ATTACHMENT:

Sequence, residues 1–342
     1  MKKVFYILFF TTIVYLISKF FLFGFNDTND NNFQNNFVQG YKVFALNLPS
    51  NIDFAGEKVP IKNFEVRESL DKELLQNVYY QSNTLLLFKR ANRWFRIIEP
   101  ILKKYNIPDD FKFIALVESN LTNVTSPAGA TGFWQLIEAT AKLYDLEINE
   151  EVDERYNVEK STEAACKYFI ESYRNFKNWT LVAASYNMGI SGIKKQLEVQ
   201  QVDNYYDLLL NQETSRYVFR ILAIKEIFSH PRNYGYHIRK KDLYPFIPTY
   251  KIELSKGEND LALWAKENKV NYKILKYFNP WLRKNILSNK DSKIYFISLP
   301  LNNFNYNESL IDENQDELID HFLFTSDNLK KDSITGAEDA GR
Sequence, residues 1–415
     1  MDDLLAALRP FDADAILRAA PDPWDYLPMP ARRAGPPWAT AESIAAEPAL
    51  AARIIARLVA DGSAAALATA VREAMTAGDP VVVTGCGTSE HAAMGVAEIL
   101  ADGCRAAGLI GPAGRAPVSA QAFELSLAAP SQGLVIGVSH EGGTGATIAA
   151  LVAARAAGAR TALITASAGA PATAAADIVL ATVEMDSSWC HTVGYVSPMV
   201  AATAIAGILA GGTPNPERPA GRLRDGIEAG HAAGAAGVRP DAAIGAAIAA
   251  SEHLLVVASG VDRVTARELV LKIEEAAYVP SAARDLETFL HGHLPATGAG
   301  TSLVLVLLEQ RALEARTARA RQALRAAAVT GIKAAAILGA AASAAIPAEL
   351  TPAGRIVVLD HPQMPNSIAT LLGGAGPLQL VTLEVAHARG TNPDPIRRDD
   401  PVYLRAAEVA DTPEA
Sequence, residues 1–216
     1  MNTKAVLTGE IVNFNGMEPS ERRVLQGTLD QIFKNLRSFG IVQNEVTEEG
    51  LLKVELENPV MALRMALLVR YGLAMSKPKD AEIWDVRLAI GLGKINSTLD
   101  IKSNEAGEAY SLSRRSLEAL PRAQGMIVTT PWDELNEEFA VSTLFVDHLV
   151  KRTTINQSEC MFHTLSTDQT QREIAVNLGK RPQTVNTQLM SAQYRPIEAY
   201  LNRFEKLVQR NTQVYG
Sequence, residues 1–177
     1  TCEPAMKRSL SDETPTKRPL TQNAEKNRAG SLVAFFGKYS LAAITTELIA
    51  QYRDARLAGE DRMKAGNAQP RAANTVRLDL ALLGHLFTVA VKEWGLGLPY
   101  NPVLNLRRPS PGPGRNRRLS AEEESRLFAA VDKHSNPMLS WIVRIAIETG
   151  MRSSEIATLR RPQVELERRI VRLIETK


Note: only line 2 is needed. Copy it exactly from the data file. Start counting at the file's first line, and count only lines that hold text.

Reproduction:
     1  MKKVFYILFF TTIVYLISKF FLFGFNDTND NNFQNNFVQG YKVFALNLPS